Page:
Every year in the UK 11,500 women die from breast cancer. The incidence of the disease is 129 per 100,000 population with 55,000 new diagnoses annually.
Of the 55,000 new cases, the vast majority are picked up on routine mammography, to which 2.5 million women over the age of 50 are invited every year.
The UK is already well behind other wealthy European nations in our cancer survival rates. At 8th from bottom of the EU27 for all cancers (excluding melanoma) and bottom of the pile for breast cancer survival we had a problem before 2020 brought its own challenges. Many commentators have suggested that the factors contributing to poor outcomes are late presentation of symptomatic disease and decreasing take-up and compliance with the screening programmes. Delay in treating cancer is what causes worse outcomes.
Covid-19 has decimated the mammography screening programme for breast cancer with a current backlog of 1 million unscreened women. It is therefore not unreasonable to conclude that there will be a significant reduction in the 5-year survival rates owing to missed diagnosis and early interventions which should have been picked up in 2020.He must have tried it a hundred times, shut his eyes so that he wouldn't have to look at the floundering legs, and only stopped when he began to feel a mild, dull pain there that he had never felt before. "Oh, God", he thought, "what a strenuous career it is that I've chosen! Travelling day in and day out.
In addition to the new diagnoses being missed, there is the combined tragedy of delayed follow-up appointments for anomalous mammograms and delays in starting treatments for confirmed cases owing to the effective shutdown of the NHS this year. The mental health toll on the sufferers and those around them cannot be dismissed as insignificant in addition to the morbidity associated with further delayed diagnosis.
Breast is not the only cancer for us to worry about. Bowel, lung and prostate tumours can also be included in this debate. I choose breast for illustrative purposes only. The point is, excess undiagnosed cancer cases is clearly a sequelae to either the pandemic itself or the response to the pandemic. Where cancer is concerned, people will die before their time and it IS attributable to Covid-19. Its a death from Covid.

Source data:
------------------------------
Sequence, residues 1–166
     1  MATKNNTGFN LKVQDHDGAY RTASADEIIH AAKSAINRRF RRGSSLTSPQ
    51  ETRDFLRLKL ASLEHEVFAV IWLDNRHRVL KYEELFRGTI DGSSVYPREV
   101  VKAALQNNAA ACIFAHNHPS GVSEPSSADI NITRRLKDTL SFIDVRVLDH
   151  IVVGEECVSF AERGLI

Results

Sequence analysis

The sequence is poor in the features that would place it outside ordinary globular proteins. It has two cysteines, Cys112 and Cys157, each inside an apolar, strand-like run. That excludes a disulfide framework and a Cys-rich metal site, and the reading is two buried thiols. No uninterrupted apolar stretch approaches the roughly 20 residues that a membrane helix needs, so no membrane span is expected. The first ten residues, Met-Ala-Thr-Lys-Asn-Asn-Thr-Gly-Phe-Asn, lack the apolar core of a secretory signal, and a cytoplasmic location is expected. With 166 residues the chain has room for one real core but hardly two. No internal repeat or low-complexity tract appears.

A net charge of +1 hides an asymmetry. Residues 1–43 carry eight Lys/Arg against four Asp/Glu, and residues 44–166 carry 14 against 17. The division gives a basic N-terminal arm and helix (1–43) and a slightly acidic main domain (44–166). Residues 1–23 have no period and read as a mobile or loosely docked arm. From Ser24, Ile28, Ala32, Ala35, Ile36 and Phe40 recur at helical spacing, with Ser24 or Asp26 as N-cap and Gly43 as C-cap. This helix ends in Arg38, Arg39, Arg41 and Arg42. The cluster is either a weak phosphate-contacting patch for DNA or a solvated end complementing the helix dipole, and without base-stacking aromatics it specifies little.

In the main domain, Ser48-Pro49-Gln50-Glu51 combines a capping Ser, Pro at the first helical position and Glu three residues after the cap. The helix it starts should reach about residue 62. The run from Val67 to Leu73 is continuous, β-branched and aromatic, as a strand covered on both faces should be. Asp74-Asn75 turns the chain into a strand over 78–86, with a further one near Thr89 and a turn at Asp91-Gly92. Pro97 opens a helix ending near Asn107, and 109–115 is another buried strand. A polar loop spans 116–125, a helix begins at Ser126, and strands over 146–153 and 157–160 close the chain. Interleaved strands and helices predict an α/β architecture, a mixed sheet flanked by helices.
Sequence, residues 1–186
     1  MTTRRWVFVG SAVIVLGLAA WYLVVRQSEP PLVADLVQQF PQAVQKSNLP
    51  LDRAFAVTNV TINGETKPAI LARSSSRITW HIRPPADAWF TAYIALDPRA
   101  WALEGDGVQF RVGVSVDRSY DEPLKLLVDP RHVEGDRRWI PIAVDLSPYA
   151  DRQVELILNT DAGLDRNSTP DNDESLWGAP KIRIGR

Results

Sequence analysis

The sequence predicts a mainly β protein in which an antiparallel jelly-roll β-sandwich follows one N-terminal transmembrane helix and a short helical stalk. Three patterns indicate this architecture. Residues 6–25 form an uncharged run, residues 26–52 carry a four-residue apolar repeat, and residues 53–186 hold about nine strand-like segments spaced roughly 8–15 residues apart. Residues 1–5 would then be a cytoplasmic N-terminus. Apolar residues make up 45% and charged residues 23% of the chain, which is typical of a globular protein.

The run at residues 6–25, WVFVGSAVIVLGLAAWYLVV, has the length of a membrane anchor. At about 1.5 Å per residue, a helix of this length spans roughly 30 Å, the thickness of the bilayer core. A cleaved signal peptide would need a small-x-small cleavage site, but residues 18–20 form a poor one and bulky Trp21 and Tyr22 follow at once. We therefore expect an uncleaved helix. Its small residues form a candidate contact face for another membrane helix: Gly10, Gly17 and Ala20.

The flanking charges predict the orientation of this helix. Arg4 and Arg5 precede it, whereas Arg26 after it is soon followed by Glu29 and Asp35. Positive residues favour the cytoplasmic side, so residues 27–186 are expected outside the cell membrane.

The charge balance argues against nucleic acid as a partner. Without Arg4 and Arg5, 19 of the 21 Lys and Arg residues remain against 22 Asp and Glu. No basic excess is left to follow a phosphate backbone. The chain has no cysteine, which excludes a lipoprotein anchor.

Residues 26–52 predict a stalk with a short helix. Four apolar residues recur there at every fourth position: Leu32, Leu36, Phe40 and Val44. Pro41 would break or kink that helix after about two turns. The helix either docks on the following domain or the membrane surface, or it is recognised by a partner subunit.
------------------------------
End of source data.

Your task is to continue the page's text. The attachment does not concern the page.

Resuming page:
Commentary has aligned itself along two opposing trenches. Both the pro and anti-lockdown narratives recognise that all cause mortality will rise, each blaming the other side for the causes. Pro-lockdowners say that unless and until Covid is brought to heel cancer services cannot resume because of the pressure on NHS services caused by Covid; anti-lockdowners say that it is because of flawed data justifying lockdowns that cancer patients will suffer.
If you are a cancer patient and die early, neither argument will give succour to your pain and grieving. You are leaving your loved ones behind well before your time, regardless of who wins the argument.
If instead, the arguments focus on how screening programmes can recover to pre-Covid levels in addition to assimilating the burden of the missed screening appointments, it may prove a route to reconciling the arguments waging between the pros and the antis. I say that what lies in the no-man’s land between their trenches is herd immunity turbo-charged by rapid vaccination.
While social distancing and excessive cross contamination prevention persists, mammography cannot resume normal service. These factors build in delays and reduce scanning capacity down to 30-50%. In order to deal with a backlog, they will need to achieve greater than 100% capacity for the short term and only then can they revert to normal capacity.